Friday, November 28, 2008


All Supreme Court decisions aside I am loathed to use the above word. I hate it. I think it is vulgar and repulsive. Yet recently I find it popping into my mind with uncomfortable frequency. When does this happen? Let me give you an example.

Mikaela, the barely twenty year old mother whose baby I delivered in her final year of high school was in my office recently. Her live in boyfriend of the past two months came with her to the appointment. I am always a bit curious when a sexual partner comes with the patient to a gynecologic visit but over the years I have become increasingly comfortable talking with couples regardless of race, gender or their choice of sexual practices

Today the subject is a vaginal discharge. This particular patient has had a positive cervical culture for chlamydia twice since she has been under my care. The first time was at her initial prenatal exam in her pregnancy. She was then eighteen and she came to that visit alone. I asked her to bring her boyfriend with her to the next visit. Just as I had explained to Mikaela, I told that boyfriend chlamydia was a sexually transmitted disease. That it could cause a serious pelvic infection in her and blind their baby. It could even cause an infection in his reproductive system that could result in a great deal of pain and render him sterile. I instructed the two of them, just as I had instructed her when she was alone, that they were not to have sex again until they were sure that he too was free of this disease and that it was always best for him to use a condom to prevent the trasmission of this and other sexually transmitted diseases.

At this point the boyfriend seemed repentant, admitting that he had sexual relations with someone else and that he almost never used condoms. They were expensive. I gave him a hand full from a box that I keep in my samples closet. He also promised to go straight to the health department for treatment and screening for other sexually transmitted diseases, just as Mikaela had done in my office.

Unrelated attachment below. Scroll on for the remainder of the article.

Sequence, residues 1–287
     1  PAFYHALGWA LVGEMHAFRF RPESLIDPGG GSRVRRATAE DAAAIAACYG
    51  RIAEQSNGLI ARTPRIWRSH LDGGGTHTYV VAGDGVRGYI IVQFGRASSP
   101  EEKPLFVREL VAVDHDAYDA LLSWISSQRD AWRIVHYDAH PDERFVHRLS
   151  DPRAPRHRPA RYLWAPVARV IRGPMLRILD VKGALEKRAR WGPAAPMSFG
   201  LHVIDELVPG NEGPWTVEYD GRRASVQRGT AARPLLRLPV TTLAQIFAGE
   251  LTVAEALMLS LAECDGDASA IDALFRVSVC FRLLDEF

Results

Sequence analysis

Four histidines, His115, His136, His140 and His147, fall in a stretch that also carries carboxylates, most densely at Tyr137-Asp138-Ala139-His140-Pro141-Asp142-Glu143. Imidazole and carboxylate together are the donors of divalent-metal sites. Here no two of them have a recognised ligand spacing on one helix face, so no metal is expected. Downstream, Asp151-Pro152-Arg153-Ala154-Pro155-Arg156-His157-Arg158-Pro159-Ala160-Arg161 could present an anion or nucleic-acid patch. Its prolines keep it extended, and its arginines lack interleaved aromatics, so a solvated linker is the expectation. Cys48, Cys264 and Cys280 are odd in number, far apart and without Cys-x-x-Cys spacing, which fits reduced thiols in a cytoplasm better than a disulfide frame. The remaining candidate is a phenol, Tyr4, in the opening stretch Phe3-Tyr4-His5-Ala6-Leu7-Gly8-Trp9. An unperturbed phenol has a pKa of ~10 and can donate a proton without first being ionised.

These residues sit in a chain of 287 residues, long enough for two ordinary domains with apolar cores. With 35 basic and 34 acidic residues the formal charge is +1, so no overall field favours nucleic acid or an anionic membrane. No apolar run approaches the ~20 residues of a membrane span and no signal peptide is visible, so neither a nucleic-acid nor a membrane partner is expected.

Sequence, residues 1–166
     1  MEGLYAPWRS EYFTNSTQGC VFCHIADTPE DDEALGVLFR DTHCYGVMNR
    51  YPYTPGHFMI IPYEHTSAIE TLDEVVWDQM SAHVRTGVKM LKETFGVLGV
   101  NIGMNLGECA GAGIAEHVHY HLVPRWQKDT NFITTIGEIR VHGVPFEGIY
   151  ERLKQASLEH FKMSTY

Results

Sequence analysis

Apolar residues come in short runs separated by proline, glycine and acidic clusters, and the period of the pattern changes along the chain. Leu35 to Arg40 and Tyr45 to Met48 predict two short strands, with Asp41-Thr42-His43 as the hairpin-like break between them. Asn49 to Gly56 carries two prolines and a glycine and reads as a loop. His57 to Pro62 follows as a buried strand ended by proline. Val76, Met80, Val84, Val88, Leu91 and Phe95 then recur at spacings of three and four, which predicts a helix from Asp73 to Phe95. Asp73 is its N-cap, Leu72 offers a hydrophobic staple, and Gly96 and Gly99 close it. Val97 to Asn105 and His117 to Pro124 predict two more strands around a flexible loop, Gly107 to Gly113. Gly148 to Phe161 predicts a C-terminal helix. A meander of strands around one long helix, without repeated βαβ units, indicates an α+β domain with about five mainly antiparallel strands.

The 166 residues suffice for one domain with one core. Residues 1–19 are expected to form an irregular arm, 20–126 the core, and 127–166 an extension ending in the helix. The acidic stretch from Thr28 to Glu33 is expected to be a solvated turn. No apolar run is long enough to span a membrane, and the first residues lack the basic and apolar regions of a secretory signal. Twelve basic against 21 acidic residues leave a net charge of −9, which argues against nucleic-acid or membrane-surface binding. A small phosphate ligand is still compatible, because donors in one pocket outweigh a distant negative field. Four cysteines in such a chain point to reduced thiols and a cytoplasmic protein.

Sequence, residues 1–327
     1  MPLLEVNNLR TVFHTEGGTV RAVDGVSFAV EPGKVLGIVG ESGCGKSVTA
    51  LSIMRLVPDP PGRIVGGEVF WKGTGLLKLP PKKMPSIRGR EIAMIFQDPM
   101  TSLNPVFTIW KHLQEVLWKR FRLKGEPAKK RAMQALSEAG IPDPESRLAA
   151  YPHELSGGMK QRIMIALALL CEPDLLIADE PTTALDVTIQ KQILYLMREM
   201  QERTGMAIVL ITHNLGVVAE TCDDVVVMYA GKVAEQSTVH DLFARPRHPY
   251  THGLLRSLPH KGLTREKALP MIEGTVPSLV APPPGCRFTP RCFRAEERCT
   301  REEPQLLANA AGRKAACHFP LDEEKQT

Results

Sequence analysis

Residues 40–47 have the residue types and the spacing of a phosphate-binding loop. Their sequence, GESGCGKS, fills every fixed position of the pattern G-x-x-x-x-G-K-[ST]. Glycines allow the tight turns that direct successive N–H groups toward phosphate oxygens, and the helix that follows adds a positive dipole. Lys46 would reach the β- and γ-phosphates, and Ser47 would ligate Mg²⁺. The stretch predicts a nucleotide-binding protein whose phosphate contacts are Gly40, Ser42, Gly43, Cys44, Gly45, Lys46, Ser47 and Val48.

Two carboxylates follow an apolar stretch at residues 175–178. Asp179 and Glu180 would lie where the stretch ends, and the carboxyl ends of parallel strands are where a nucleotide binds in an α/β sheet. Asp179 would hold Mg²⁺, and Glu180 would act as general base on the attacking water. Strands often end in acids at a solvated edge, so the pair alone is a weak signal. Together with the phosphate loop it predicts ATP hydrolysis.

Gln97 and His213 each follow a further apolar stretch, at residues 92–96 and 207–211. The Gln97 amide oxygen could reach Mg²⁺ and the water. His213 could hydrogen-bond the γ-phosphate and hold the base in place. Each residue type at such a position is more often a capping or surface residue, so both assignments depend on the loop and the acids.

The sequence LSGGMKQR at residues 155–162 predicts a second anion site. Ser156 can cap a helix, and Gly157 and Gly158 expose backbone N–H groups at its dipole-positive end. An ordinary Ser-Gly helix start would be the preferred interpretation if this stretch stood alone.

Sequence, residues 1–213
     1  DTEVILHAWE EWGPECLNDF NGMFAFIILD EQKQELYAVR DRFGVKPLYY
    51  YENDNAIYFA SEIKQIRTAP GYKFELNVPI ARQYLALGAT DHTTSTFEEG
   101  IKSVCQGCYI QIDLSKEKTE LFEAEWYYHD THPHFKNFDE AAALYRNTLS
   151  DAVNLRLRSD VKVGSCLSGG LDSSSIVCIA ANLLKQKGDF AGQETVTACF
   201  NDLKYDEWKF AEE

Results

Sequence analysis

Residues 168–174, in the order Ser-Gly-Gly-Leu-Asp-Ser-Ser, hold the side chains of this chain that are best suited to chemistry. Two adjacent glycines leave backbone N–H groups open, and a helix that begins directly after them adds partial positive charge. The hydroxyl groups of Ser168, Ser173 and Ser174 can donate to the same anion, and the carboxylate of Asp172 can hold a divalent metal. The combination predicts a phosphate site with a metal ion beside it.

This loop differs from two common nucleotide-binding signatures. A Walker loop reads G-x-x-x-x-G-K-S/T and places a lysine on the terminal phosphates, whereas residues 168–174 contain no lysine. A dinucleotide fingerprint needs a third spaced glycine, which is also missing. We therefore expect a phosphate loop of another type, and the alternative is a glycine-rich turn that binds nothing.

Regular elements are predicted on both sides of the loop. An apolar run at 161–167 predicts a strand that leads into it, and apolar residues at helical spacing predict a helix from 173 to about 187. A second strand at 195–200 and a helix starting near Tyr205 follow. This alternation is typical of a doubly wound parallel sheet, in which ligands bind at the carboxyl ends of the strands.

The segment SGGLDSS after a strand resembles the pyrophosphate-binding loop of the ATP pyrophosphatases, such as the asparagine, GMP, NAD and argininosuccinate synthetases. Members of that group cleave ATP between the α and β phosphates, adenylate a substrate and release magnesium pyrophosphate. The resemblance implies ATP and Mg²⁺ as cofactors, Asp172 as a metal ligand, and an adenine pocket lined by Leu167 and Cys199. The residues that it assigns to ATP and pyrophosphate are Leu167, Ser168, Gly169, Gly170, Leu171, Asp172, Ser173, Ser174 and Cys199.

That was the first scenario with Mikaela. It was repeated six months after her baby was born when she had moved back home with her mother, who was now caring for the baby so she could work and go to school part-time. She and one of her college classmates began dating and she again contracted chlamydia. During her pregnancy and following it, I had several documented discussions with Mikaela about both contraception and prevention of sexually transmitted diseases.

As, I said, those occasions were two sexual partners ago and I recognized this man as someone new and I had introduced myself as I came into the room. Following the exam and genital cultures for bacteria, I again began to write out a prescription for the appropriate antibiotics, asking this new man if he was having any symptoms. When he answered, very politely I might add, "No ma'am!" I again explained the need for protection from sexually transmitted diseases as well as pregnancy.

Mikaela got an inquisitive look on her face as she said, "Now what did you say caused problem again?" Only the extreme patience I have developed over many years of practicing medicine and parenting kept me from replying, "F**king!"
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